Well said, Kay.

      My husband and I have found that by not having these kinds of silly who’s in authority here arguments, but respecting where God has gifted us both makes us not only stronger in our marriage, but enables us to better see Christ’s bigger picture for the entire church. That is: It is not about us, but about Him.

      For each of us, (having previously had marriages before that were based upon one person or the other trying to control another’s behavior), this has been a valuable lesson. And it happened not because of what we did or didn’t do to make it work out that way, but because we both submit to Christ first now.

      No striving and straining on our parts, just simply saying, ” Lord we are both submitting all that we are and have to you first, because what we did before didn’t work.”

    • JohnO

      Couldn’t agree more. I’ve been following this and the related debates but have become increasingly depressed as positions have become more intransigent. They are prime examples of an either/or approach to theology rather than a both/and. I can’t help but feel that God’s grace is big enough to encompass a multitude of understandings and that it’s only when either position gets too extreme that there has to be some sort of corrective.
      But maybe I’m just a relativistic po-mo who’s going to hell in a handcart. I guess I’ll take my chances and continue to affirm and encourage the pastoral and ministerial gifts and callings in friends and colleagues regardless of their gender.

    • Kay

      “How do you dignify one as a purpose in God’s design and another as man-made? Not so easy, I admit.”
      C Michael,

      I am still curious as to how you arrived at believing “leadership” is the defining factor that makes a person better suited for pastoral ministry?
      Considering that Jesus told Peter to “Feed My sheep,” not “lead My sheep.”

    • Dave

      “Because egals believe in democracy when it comes to Christianity, and I believe that is more biblically supported, doesn’t mean that the complementarian model is necessarily the ONLY right one.”

      I am an egal and I am not convinced Christianity is a democracy.

      “Democracy – A form of government in which political power resides in all people and is exercised by them directly or given to elected representatives”

      Christianity is not about everyone having power, but rather everyone submitting to (loving) others. It is about following Jesus, not because we elected him but because he died for us.

      Of course it can also be defined as, “The spirit or practice of political, legal, or social equality.”

      But once again, does Jesus tell his followers to be equal with each other, or does he tell them to place themselves UNDER others? Christianity is far more radical than democracy IMO!

    • […] another blog I read the following comment; “…egals believe in democracy when it comes to […]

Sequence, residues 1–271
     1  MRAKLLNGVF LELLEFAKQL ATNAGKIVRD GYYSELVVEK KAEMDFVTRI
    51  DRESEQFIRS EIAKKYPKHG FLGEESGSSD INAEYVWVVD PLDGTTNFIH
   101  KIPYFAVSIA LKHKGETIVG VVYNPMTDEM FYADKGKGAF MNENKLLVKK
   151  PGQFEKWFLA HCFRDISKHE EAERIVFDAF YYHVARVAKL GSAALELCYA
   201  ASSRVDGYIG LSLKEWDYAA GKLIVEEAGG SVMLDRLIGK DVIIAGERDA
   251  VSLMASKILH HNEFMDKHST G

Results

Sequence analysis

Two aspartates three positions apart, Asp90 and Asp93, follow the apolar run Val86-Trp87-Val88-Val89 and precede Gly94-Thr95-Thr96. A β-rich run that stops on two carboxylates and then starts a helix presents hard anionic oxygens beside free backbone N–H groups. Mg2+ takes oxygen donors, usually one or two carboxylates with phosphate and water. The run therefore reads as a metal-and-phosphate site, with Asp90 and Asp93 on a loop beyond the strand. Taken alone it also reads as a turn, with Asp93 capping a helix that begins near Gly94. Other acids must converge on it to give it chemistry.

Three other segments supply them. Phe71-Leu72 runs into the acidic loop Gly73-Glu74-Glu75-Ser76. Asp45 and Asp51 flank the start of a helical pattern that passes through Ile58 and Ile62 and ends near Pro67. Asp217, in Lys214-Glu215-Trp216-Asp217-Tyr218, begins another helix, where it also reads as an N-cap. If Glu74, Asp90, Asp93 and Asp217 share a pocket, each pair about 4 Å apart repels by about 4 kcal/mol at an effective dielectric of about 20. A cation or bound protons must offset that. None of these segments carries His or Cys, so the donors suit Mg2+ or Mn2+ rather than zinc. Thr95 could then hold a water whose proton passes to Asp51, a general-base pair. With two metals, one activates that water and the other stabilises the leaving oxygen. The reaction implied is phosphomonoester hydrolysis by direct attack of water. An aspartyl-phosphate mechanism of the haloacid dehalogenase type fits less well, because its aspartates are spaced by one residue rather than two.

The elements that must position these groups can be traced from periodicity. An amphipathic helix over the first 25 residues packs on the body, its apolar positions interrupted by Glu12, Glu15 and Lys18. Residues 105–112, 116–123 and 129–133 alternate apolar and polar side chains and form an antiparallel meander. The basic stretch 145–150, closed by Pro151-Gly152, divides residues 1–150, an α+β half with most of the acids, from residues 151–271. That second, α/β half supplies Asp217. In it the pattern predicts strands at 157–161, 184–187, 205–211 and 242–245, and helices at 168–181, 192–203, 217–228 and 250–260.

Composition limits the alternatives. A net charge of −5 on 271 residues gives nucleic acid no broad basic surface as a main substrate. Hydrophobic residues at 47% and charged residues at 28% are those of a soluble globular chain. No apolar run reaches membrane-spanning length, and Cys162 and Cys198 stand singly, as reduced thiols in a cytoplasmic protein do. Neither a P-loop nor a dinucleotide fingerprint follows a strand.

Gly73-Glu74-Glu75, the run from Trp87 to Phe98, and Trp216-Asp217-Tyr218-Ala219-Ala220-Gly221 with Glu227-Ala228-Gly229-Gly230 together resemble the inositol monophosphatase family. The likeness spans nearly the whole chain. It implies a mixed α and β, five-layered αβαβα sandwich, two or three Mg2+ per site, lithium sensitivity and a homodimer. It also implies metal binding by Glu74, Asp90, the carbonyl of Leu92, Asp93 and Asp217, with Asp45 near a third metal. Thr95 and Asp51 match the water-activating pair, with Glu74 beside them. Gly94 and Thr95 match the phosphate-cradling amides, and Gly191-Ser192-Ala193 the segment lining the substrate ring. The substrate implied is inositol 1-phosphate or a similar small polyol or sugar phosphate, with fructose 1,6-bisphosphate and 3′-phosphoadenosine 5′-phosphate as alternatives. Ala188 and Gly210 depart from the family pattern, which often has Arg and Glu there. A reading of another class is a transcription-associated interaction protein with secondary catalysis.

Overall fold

• caraboska

      The very fact that complementarians view it as necessary to train boys to be men, and girls to be women, means one thing to me: that it is not automatic, that it is a matter of nurture, not nature, and that sex roles are something imposed from outside.

      Now, my family knew that society would try to impose its view on me, so they very carefully taught me their strictly and literally egalitarian view. It was made clear to me that their manner of upbringing would in no way materially differ if I were male.

      Now, I have no basis for direct comparison, since I have no brothers. But I do know that my father actually lives a strictly egalitarian life in every detail – namely that the only difference between him and a woman is his plumbing.

      He does this by conviction, not by upbringing. And it does not mean he is ‘effeminate’ (i.e. stereotypically feminine). He is just himself. So I have no doubt that he absolutely is telling the truth when he says that he would have raised me the same had I been a boy.

      And while it took me years to find a basis for egalitarianism in the Bible, which caused me no end of trouble in that I wanted to be a serious-minded Christian but knew egalitarianism to be true in my heart, I finally did it.

      I cannot speak for others. I can just tell you that it is possible to live a strictly egalitarian life and be at peace about it. Make no mistake, it will be hard to fit in, because most people are not egalitarian. But some things are more important than ‘fitting in’ 😀

    • Gary Simmons

      This debate is a matter of justice. It’s a matter of fairness. It’s a matter of honor. It’s a matter of femininity and masculinity.

      What do those words mean, anyway? Justice, fairness, honor, femininity and masculinity are abstract ideas. We cannot define them so easily. It is true that every culture has different ideas of what is masculine or feminine, just as every culture has different definitions for the other concepts I just mentioned.

      All cultures have taboos on killing, although what constitutes “murder” varies. All also have taboos on what is “sexual immorality,” though the Hittites thought that what a man does with his horse is nobody’s business. All cultures also have some idea of masculine or feminine, even though the exact expression differs from culture to culture.